For athletes on the cusp of making meaningful eventual contributions at the next level — from Two-Way Players, to NBA assignees and even the minor league’s most intriguing prospects on the rise — being able to soak up the NBA G League experience can be an invaluable opportunity.
All season long, such young guns have received extra game reps and worked with dedicated staffs who make sure that their development is in the forefront as the priority. Hitting the hardwood and learning by doing (rather than watching from the sidelines) has helped the likes of Nets Two-Way Players Alan Williams and Theo Pinson. As the Long Island Nets compete for the 2019 NBA G League championship, the pair is thrust into a situation where they can potentially taste and feel what winning at such a high level is like.
One can watch film and hold conversation with players and coaches, but not enough can be said about the kind of confidence boost that comes with calling yourself a champion for whatever opportunities may follow. Pinson agrees Long Island’s success (even thus far) says a lot.
“As long as I’m playing, I’m trying to win. Being in the Finals helps everyone in the organization prove that we’re winners. We’re building that culture,” he said. “We’re not just going out there and trying to show our individual skills. It’s all for the betterment of the team.”
A versatile combo-guard, Pinson became an NCAA champion in 2017. He’s familiar with this level of competition. But even he took his game to new heights by hitting an electric buzzer-beating game-winner in the Eastern Conference Finals to punch the Nets’ ticket for a Finals matchup with the Vipers. The chance to be trusted with that kind of responsibility (as a rookie in his professional career) only solidifies the kind of value his role with the organization can add.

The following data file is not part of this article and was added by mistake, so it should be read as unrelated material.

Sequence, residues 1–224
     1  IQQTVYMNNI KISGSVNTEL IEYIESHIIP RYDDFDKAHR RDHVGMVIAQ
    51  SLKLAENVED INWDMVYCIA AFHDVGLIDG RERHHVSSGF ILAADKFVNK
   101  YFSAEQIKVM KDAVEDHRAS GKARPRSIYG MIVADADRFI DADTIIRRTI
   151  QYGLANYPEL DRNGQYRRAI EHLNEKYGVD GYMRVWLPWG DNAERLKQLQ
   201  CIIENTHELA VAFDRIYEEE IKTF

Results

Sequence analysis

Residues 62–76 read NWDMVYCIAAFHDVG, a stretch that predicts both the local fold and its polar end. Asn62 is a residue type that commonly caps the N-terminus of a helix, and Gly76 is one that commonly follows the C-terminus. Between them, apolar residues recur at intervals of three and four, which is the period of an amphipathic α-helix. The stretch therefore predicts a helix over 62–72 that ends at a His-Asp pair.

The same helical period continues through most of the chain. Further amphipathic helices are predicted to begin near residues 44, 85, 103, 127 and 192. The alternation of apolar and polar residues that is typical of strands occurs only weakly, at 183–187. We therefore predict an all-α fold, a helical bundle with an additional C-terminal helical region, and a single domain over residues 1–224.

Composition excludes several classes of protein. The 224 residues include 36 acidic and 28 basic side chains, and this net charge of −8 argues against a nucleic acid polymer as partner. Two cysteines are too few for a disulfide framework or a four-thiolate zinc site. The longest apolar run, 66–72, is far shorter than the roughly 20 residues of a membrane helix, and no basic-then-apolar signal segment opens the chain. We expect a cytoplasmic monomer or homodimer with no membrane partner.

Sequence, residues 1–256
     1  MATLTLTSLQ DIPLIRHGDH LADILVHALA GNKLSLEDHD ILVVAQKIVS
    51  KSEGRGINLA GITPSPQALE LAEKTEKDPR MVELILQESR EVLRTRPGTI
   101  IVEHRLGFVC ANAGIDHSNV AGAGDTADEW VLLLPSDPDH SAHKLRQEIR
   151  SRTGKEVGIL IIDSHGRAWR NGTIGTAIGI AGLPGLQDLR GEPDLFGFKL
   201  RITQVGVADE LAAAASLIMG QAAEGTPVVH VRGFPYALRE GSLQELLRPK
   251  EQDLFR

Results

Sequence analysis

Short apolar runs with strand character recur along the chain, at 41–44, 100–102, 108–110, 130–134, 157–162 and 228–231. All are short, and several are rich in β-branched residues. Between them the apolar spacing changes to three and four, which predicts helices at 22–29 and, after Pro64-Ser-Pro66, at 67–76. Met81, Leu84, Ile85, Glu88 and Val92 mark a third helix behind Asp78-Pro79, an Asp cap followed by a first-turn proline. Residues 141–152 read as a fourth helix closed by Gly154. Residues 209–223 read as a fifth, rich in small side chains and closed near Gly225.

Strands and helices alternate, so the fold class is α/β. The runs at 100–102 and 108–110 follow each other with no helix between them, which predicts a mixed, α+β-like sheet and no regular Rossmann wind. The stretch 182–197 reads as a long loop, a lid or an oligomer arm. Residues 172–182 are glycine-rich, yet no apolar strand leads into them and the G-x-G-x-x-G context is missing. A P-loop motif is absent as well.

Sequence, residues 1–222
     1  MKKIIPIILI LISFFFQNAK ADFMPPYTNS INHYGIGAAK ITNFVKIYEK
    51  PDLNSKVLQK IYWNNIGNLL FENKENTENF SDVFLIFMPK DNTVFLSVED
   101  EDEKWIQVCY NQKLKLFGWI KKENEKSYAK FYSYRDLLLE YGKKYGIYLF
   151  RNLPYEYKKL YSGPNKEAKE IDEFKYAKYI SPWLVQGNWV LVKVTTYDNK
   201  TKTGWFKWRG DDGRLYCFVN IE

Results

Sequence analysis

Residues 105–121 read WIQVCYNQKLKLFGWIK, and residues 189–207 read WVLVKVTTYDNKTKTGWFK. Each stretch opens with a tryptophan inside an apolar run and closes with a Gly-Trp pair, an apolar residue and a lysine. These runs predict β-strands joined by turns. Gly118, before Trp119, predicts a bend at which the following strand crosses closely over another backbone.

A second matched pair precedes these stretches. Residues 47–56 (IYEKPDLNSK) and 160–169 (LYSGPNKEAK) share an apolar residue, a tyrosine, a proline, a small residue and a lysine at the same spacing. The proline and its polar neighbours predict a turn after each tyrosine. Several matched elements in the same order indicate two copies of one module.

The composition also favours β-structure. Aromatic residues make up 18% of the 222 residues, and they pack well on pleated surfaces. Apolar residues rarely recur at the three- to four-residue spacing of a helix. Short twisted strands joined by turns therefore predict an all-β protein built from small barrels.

Talk about being thrown into the fire.
“We’ve been through every situation you can think of. We hadn’t hit a game-winning shot yet! We’ve encountered many obstacles, but now we can learn from all of it and let that carry us through the Finals. That’s the reason I’m a Two-Way guy,” he pointed out. “I can get used to being in this role, that way when Brooklyn needs me, I’ll be there and ready.”
Whereas for Pinson (who made the NBA G League All-Rookie Team), donning that Long Island uniform has provided key professional exposure, fellow Nets Two-Way mate Alan Williams has undergone quite the metamorphosis in his overall game. After averaging 5.6 rebounds in just 13.2 minutes through 66 NBA games, there’s been little denying he can provide a physical presence on the glass. Embracing a central role for the Nets has allowed him to strut his stuff and shed light on other facets of his game, including some nice agility to get inside the paint and evade defenders for high-percentage looks. He went on to average 19.8 points this season, good enough with his other contributions to earn him All-NBA G League First Team honors while finishing second in MVP voting.
“Being in this role reminds me of college. It’s a similar style of play that allows me to have the ball in my hands. I can score and work on my tools. The NBA game is a different animal, but I feel like I can do it there as well,” he said. “I’m confident in my skills. There are things I can work on, but there are things I can do at a high level.”
As Pinson alluded to (and as he well knows from previous experience), winning at any level should earn players extra clout and credibility. The end-of-season honors both players received were undoubtedly influenced (and deservedly so) by the impact their individual success had on the Nets’ league-tying best record of 34-16. Already garnering solo accolades this season, Pinson and Williams are gearing up to help add a more collective accomplishment to their trophy case.
“Being a Two-Way Player isn’t always ideal, but Brooklyn and Long Island have made this whole process a seamless transition. From travel and film breakdowns, they’re invested and value our development. They’ve done a tremendous job working with guys like Theo and myself. If we’re going to be here, we’re going to go out and try to win. My mindset has always been to go out there and compete at the highest level. This is where we are. As a collective unit, we’re really locked in on this opportunity,” Williams asserted.
Pinson, Williams and the Long Island Nets host Rio Grande Valley Vipers in Game 3 of the NBA G League Finals Friday at 8 PM ET on ESPNU.